The UK made a major change to its currency in 2016 with the unveiling of the polymer fiver. Then came the polymer ten-pound note. The notes may not stay in our pockets so well and can be bad for sticking together too… but despite these minor complaints, their launch had valid reasoning behind it.
Let’s take a closer look at this new way of operating and the history of counterfeit printing, including significant busts, and the impact such criminal activity has had on the economies around the world.
Polymer notes are more difficult to counterfeit
152,000 fake notes with a value of £3.3 million were seized in the six-month period between January and June 2016, 85% of which were counterfeit twenties. The new polymer notes however, thanks to their see-through window and hologram, are far more difficult to counterfeit.
The South-American nation has established itself as one of the most volatile countries in the world for criminal activity, much of which depends on the counterfeit note industry. Lima has become renowned as the city responsible for producing the finest fake money on the planet. On the whole, Peru turns out more counterfeit money per annum than any other country in the world — this figure is quite remarkable when considering the country on the Pacific coast has a population of only 32 million.
‘The Peruvian note’, as it otherwise known is believed to be responsible for around 60 per cent of the United States’ fake notes. In 2016, the Secret Service laid claim to their largest ever scoop, recovering US$30 million and €500,000, an operation which involved more than 1,500 Peruvian police officers.
In the same year, the Guardian interviewed Geraldo Chavez, a criminal mastermind, who is running his operations from within the four walls of a prison cell. Chavez (an alias), who at the time of the interview had spent the past five years imprisoned, told the publication of how it can take up to ten to twelve people to print a singular note. This is simply due to the fact there are so many different processes. However, he also noted that printing US$5 million worth of notes could be carried out in the space of a week, with sufficient labour.
Perhaps the biggest concern to the world as a whole, in relation to counterfeit notes is, it usually funds or heavily relates to other criminal activity.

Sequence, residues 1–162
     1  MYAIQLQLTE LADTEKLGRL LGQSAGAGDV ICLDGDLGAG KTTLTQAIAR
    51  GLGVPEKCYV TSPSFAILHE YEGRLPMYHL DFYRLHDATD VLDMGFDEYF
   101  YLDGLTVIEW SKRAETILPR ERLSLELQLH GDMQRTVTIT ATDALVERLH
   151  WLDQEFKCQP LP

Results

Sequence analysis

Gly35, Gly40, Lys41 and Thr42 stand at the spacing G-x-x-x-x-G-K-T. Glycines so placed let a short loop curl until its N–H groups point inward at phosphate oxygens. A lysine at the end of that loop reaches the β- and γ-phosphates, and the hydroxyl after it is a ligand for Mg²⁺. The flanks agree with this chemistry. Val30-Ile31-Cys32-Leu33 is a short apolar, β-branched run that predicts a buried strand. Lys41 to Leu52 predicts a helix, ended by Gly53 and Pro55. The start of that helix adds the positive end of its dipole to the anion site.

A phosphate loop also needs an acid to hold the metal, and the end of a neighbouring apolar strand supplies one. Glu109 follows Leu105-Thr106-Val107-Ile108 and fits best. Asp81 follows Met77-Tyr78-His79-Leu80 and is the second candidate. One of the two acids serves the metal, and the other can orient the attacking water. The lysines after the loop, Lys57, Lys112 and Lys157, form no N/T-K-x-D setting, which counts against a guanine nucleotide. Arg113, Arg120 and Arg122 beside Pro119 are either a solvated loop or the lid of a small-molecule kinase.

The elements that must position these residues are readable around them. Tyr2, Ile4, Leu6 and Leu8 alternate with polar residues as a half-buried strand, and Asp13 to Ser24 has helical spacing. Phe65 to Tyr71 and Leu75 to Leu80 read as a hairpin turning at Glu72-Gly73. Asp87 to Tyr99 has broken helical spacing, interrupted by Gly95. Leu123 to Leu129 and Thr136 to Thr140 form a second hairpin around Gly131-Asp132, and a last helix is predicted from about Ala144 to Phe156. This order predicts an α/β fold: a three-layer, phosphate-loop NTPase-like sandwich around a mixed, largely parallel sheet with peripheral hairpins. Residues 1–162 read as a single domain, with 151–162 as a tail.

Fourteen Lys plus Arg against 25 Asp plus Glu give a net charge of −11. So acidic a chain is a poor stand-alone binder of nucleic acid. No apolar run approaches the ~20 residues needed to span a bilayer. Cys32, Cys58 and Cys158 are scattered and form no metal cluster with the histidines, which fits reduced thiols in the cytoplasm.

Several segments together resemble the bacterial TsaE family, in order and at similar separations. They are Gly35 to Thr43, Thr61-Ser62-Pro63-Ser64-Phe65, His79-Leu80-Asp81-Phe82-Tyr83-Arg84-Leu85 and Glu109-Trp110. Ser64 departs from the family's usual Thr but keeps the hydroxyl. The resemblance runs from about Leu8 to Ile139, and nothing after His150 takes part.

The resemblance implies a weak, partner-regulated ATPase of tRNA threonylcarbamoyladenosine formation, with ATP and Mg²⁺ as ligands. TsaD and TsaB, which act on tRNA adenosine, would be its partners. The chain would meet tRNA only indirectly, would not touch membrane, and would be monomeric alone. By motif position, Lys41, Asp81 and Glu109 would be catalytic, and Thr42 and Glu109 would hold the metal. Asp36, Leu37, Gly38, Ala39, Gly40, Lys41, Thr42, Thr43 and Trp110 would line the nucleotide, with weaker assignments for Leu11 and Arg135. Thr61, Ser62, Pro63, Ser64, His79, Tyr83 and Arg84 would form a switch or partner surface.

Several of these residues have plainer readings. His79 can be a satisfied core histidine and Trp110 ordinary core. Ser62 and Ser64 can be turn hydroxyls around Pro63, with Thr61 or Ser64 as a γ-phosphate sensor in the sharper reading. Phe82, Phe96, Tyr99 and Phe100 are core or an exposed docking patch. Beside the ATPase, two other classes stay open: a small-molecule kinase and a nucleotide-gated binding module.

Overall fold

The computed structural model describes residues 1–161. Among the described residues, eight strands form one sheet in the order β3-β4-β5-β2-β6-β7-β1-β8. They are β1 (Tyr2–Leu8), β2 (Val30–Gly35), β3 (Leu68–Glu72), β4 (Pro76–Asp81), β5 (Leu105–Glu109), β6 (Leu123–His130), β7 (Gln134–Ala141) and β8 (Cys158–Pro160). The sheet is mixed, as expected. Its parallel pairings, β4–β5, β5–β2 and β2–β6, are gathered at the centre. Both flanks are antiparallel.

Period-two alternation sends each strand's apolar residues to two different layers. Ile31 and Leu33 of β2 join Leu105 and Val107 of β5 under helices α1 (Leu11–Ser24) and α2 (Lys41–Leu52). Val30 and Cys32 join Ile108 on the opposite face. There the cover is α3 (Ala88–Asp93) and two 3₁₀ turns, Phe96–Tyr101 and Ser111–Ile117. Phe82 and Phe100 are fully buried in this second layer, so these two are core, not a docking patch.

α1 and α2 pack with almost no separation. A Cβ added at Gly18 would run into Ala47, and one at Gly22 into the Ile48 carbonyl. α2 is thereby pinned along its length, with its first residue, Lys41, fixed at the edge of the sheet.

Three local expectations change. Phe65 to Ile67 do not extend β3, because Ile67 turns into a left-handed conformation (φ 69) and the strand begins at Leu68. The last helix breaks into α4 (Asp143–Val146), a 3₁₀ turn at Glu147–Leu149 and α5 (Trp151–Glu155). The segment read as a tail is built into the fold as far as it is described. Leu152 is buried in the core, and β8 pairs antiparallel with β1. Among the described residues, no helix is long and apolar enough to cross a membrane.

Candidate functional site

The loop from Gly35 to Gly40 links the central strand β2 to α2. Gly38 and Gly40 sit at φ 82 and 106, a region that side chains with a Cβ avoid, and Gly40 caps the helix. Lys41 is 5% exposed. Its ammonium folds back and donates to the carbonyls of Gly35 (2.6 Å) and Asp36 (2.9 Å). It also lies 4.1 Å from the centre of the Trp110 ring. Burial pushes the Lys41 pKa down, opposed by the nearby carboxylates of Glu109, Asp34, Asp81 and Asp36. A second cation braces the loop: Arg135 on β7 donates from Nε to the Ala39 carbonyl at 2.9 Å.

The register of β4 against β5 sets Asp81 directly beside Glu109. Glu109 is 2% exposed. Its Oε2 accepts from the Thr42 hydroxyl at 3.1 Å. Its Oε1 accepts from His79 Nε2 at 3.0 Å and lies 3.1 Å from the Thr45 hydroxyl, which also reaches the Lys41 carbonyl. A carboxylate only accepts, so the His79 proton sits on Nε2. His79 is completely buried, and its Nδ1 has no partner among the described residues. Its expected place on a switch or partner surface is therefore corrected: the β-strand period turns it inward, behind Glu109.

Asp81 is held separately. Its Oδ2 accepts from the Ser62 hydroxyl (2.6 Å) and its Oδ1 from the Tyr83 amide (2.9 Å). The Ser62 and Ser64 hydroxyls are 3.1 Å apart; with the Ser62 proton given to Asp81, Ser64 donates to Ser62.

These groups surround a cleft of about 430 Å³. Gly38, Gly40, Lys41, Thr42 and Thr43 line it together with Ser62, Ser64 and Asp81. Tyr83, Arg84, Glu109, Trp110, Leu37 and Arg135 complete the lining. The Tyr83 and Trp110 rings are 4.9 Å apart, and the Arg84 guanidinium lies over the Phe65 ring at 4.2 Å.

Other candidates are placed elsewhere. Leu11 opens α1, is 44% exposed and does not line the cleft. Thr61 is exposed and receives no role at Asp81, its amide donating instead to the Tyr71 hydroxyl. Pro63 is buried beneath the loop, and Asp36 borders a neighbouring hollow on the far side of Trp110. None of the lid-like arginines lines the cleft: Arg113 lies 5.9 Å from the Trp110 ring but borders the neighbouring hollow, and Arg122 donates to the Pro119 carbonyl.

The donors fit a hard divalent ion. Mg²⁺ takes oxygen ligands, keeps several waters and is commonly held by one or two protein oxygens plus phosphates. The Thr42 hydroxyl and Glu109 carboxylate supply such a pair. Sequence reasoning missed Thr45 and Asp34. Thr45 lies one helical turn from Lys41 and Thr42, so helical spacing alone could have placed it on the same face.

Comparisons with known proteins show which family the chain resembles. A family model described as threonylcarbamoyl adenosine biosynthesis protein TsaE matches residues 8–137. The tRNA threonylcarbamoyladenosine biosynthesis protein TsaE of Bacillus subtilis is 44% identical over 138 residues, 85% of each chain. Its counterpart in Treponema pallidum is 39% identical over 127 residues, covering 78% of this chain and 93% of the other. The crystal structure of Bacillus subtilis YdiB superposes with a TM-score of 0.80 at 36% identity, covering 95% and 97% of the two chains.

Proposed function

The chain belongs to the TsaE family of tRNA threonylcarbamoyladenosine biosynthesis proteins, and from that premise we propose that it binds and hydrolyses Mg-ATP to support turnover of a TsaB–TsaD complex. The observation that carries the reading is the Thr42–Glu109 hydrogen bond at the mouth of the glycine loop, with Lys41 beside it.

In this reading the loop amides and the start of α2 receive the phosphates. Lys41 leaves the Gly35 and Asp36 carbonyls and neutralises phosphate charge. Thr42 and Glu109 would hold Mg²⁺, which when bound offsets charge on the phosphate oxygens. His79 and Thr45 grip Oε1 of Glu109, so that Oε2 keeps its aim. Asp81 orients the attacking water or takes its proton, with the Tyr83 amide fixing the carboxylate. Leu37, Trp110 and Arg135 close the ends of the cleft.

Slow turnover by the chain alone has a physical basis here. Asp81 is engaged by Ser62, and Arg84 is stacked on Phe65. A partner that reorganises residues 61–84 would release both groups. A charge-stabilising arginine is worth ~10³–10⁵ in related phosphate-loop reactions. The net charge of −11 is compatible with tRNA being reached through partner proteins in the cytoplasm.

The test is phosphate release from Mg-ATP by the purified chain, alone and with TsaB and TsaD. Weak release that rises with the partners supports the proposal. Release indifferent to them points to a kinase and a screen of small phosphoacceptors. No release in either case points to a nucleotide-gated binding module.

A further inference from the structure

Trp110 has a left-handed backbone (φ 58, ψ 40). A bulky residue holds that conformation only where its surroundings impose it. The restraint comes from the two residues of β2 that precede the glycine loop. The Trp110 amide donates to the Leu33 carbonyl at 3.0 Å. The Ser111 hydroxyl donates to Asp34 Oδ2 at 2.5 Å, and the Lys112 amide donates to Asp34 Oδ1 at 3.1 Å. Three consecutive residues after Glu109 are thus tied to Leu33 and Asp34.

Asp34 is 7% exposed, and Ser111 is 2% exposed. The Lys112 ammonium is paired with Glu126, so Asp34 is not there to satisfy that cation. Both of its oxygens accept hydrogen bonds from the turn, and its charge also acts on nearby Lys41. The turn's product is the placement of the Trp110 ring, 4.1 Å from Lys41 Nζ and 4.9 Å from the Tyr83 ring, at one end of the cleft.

In February 2019, two Northern Irish men were jailed after it came to light, they were running a currency operation which had produced more than £1million. The police launched an investigation after several shops in the small town of Ballynahinch had received fake £20 notes over the counter.
The police described the operation as sophisticated, following their recovery of a variety of dyes, foils and stamps. “Not only does the manufacture of counterfeit currency adversely affect economic growth, it has a negative impact on the genuine local businesses who don’t receive payment for their goods”, commented the Police Detective.
Ten years ago, the English capital felt the crippling effects of counterfeit currency, as a gang using incredibly ‘professional’ equipment, produced more than £5million. Most surprisingly however, one of the men behind the devious operation, was an 83-year old widower, named Dennis Hancox.
The £20 notes, which were being sold on for £3.50, were being carefully constructed using a foiling machine, that the gangsters had purchased for approximately £9,000. Despite many of the notes making it past unsuspecting shop workers, due to their incredibly high quality, the plot was eventually foiled by a group of particularly vigilant bank tellers.
The world’s most counterfeited currencies
As previously mentioned, the United Kingdom and the pound has been significantly impacted by fake notes, however, a prediction in 2017 by the Royal Mint suggested that approximately 2.5 per cent of one-pound coins at that time were fake. They estimated there to be around 1.6billion one-pound coins in the UK, meaning approximately £40million alone in one-pound coins was counterfeit. Despite this, the same year the Royal Mint released new £1 coins to reduce the ability of criminals to copy them.
In the ten-year period between 2006 and 2016, the Reserve Bank of India noted a rise of around three times the amount of fake 100-rupee bills in circulation, increasing from 68,000 to 221,000.
The Chinese police seized 214 million Yuan (US$44million) in late 2017. What was more concerning for the Government however, was that in 2015, a fake 100 yuan note would only have sold for two to three yuan. Now, however, the same note will sell for double the price, meaning their popularity has grown, ultimately encouraging criminal organisations to print more.
What if I get a fake note?
If you do happen to be incredibly unlucky and fall victim to a fake note and you are still in the shop, you are within your right to reject and ask for another. Similarly, if you are in a shop at a cash machine, and it dispenses a fake note, do not put the note into your wallet or purse, keep it in clear view of the cameras and speak to the cashier. Although they aren’t at obligation to exchange it, they should be able to help you get in contact with the ATM operator.
Ultimately, therefore we need to help drive fake notes out of society, to prevent the implications of being struck with a fake note.
The expertise in this article was provided by outdoor banner printing specialists, Where the Trade Buys.